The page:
According to a new survey conducted by TSheets, one in five Americans will have a side business in 2018. And 7.5 million of those people—who are already working, by the way—will be brand new to the side-hustle movement!1 From sewing baby clothes to upcycling old thrift store furniture, more and more people are turning their hobbies and passions into side hustles.
With the ever-increasing Etsy population as well as endless free social media platforms, launching a side business is easier than ever before. You don’t even have to be an aggressive go-getter with a start-up and investors to make money on your own terms. You can market your product from the comfort of home with nothing more than your skill and a Facebook page!
The ease of turning your hobby into a business is also why, for many people, it happens by accident. It typically starts out like this:
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Let’s say you post that painting you made for your sister to Facebook, and then, through all the shares and likes, you get more requests. As you begin to fulfill more and more orders, you eventually realize, Hey! I can make money while doing something I love to do! You find yourself sliding into entrepreneurship without even realizing it!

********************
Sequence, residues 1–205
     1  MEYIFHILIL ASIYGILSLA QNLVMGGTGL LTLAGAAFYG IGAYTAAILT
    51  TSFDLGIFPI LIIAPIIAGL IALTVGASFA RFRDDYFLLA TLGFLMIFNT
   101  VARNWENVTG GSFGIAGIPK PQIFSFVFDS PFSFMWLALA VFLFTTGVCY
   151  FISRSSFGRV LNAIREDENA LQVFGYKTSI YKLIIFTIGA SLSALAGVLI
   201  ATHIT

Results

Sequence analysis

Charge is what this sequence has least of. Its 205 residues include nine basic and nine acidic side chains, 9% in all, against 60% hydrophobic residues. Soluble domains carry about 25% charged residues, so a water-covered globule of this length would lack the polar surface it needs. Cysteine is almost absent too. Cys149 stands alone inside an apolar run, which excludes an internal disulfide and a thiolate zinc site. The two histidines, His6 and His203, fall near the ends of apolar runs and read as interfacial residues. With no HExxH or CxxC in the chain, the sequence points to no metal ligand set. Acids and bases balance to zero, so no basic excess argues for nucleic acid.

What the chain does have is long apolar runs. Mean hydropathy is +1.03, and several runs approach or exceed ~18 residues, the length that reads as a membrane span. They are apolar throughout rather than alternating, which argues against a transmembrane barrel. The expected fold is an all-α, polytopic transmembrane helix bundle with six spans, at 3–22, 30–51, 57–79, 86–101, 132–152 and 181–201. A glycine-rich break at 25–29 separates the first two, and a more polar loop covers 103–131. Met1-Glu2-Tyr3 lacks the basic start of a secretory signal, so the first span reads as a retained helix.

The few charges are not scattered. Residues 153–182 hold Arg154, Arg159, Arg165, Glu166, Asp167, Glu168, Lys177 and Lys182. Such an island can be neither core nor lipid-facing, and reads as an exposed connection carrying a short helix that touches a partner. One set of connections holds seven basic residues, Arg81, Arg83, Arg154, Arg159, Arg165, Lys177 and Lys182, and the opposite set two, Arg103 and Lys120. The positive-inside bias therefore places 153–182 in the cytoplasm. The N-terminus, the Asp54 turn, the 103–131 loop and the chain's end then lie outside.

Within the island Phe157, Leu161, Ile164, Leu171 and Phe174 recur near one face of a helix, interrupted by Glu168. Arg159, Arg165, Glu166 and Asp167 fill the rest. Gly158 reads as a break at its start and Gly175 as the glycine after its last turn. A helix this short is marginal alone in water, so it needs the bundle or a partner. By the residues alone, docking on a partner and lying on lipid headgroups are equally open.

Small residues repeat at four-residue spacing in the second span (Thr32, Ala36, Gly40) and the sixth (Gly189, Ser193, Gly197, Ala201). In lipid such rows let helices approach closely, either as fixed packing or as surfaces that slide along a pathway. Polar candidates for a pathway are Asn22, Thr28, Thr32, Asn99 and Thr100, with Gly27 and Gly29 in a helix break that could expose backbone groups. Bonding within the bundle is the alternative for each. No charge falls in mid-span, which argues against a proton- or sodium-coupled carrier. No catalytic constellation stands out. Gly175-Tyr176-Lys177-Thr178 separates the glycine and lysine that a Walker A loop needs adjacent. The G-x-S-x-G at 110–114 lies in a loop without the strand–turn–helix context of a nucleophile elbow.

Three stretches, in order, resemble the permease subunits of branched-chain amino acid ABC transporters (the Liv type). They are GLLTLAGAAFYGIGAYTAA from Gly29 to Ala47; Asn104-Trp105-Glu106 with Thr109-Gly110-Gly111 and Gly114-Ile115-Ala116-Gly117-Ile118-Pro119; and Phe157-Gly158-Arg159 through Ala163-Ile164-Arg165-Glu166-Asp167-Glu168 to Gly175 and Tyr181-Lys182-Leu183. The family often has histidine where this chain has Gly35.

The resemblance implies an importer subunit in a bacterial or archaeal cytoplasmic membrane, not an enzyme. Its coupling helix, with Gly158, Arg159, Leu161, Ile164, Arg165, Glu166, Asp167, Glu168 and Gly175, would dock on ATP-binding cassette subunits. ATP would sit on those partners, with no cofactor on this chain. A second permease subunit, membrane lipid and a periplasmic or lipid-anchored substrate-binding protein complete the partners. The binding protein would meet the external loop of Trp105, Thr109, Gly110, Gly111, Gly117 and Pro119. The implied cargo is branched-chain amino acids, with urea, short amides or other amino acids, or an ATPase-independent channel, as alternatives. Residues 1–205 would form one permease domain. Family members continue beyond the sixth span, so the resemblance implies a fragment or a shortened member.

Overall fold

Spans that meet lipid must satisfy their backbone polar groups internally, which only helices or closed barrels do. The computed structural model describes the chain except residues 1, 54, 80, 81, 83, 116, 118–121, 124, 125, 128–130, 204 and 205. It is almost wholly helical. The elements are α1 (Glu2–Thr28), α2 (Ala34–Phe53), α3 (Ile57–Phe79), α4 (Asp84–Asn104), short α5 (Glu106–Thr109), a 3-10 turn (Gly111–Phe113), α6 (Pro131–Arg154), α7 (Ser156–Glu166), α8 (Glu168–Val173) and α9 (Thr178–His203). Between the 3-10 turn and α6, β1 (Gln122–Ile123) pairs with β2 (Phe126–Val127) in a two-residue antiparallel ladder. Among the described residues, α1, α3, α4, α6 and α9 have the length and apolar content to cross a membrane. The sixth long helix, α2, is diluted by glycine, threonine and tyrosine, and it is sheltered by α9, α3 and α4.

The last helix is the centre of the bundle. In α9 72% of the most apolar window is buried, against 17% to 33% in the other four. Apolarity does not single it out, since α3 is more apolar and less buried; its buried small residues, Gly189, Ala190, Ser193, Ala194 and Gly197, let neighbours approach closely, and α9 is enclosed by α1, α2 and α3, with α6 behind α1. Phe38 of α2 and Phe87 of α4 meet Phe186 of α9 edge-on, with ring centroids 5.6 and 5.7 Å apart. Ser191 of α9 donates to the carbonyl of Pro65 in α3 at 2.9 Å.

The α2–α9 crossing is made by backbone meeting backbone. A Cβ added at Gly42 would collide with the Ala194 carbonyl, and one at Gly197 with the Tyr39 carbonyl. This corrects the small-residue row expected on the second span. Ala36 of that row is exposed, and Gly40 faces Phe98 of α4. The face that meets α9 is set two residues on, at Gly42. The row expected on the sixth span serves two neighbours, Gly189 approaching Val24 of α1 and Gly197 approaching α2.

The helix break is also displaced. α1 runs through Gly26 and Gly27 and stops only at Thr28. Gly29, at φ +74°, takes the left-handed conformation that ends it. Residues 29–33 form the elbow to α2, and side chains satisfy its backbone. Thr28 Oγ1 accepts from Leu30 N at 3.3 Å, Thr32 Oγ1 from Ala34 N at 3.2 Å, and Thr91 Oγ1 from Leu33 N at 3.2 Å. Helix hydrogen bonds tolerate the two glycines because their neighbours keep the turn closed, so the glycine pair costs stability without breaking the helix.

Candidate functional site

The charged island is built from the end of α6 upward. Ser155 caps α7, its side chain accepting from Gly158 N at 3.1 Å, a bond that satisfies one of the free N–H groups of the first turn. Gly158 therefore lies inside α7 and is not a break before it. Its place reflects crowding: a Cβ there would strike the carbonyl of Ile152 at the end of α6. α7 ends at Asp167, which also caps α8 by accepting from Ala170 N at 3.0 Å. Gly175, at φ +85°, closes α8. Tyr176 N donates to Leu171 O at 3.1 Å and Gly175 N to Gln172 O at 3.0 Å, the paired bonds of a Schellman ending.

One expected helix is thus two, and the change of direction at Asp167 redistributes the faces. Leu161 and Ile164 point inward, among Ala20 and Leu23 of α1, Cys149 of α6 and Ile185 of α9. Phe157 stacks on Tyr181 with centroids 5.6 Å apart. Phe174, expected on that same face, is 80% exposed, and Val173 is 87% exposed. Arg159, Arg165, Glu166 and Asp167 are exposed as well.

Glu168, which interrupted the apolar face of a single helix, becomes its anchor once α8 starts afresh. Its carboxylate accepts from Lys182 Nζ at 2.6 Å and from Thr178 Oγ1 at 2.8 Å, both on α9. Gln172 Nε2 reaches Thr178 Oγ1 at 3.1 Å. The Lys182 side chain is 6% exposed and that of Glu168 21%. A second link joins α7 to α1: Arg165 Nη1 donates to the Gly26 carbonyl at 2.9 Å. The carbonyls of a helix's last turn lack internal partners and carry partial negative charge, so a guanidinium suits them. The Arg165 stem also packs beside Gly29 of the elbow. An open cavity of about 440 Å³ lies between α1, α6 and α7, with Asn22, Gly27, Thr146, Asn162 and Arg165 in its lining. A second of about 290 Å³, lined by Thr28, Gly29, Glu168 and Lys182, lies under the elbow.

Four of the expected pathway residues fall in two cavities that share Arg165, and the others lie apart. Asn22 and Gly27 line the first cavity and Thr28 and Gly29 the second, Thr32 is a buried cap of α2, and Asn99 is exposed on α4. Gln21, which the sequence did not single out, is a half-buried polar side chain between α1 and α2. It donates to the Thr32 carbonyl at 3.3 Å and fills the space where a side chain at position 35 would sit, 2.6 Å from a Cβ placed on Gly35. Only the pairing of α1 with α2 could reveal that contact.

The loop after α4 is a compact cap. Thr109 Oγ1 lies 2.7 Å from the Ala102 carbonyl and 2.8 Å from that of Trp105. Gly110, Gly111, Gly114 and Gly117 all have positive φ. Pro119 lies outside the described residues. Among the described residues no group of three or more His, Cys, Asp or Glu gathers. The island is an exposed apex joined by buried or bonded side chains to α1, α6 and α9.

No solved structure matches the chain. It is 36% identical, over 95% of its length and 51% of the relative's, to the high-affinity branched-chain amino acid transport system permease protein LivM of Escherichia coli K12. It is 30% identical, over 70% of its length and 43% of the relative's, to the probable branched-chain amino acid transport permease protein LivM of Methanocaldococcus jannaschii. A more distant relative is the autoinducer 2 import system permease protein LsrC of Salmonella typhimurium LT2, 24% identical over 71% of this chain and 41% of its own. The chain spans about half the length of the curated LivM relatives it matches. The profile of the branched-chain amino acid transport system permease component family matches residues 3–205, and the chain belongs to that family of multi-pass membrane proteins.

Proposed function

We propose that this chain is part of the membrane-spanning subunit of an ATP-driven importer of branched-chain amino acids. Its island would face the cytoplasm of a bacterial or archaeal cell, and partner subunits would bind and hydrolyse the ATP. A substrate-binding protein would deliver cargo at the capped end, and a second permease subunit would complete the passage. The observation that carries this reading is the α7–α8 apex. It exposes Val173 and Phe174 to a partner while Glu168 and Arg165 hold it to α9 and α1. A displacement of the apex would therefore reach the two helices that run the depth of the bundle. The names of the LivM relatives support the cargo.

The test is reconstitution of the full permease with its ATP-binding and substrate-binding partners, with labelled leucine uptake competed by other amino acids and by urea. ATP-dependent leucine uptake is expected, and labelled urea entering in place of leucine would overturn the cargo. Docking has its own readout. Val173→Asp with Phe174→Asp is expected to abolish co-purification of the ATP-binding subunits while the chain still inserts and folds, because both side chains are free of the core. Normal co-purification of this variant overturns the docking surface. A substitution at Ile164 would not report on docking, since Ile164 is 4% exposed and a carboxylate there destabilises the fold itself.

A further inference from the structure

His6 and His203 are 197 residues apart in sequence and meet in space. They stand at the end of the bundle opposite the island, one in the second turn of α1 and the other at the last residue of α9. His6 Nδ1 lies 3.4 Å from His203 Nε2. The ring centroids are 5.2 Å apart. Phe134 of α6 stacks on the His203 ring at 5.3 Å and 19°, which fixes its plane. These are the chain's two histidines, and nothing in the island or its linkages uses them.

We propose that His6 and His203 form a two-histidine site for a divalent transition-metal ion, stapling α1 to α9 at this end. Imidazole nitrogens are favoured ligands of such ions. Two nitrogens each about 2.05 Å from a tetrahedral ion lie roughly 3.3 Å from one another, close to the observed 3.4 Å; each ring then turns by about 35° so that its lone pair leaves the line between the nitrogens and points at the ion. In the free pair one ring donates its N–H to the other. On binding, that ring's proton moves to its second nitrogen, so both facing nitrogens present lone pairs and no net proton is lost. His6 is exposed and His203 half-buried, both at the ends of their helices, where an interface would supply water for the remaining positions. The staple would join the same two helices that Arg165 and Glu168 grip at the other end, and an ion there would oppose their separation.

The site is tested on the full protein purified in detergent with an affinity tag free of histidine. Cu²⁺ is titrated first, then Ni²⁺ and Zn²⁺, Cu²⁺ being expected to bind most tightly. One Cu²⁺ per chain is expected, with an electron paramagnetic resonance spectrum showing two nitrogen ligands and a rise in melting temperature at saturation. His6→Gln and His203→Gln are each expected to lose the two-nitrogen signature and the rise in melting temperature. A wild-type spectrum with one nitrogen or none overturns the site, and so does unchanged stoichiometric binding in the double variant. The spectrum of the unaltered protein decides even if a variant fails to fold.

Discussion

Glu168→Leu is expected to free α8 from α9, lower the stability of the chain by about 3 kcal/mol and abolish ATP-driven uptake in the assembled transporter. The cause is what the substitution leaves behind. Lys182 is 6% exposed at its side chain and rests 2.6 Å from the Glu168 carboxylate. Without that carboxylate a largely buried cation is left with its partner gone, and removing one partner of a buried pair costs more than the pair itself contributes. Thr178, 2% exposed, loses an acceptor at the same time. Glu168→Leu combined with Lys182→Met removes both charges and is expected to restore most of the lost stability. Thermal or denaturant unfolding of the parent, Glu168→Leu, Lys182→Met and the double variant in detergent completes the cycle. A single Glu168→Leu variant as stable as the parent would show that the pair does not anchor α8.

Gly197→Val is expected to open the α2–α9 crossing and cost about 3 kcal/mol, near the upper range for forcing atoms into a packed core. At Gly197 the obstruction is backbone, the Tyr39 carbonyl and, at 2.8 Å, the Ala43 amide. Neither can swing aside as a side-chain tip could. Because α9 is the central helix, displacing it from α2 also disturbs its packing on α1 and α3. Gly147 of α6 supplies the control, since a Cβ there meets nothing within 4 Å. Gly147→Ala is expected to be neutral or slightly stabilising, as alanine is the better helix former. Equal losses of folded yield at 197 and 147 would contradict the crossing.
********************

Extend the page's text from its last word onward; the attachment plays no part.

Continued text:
But here’s the challenge: Since it starts as a hobby, it’s often tempting to call it a business but continue treating it like a hobby. I see this mistake time and time again!
So, the first step to turning your hobby into a business is this: Treat it as a business.
This will be easier to do if you understand the difference between a hobby and a business. A business makes you money. A hobby costs you money.
It sounds simple, but many people miss this reality. They say things like, “Oh, I don’t care about the money. I just do it because I love it!” Of course a hobby is something you should love, but you also have to realize that love isn’t enough to make a business work. You also need profits.
Love isn’t enough to make a business work—you also need profits.
Now, if you want to build a line item into your budget for your hobby and continue to fund it, great! But if you want to share your gift with the world long term, you have to make a profit in order to continue doing it. Profits are critical not only to your finances, but they also help you justify the time invested in your passion when you’re away from your family each week.
It’s pretty tough to justify spending 10, 20, or 30 hours a week on something that has no financial return just because you love it. Both a hobby and a business can and should be fun. But if it’s not making money, it’s not a real business that can grow or last.
So if you want to turn your hobby into a business, you must treat it like a business. That comes from recognizing and accepting the reality that in order for it to work, it has to make you money. Once you understand this, you can build your business in a way that will keep costs down, increase revenue, and ultimately create a profit for you. It’s those profits that enable you to continue to do what you love to do and to share that love with the marketplace!
And that is good business.
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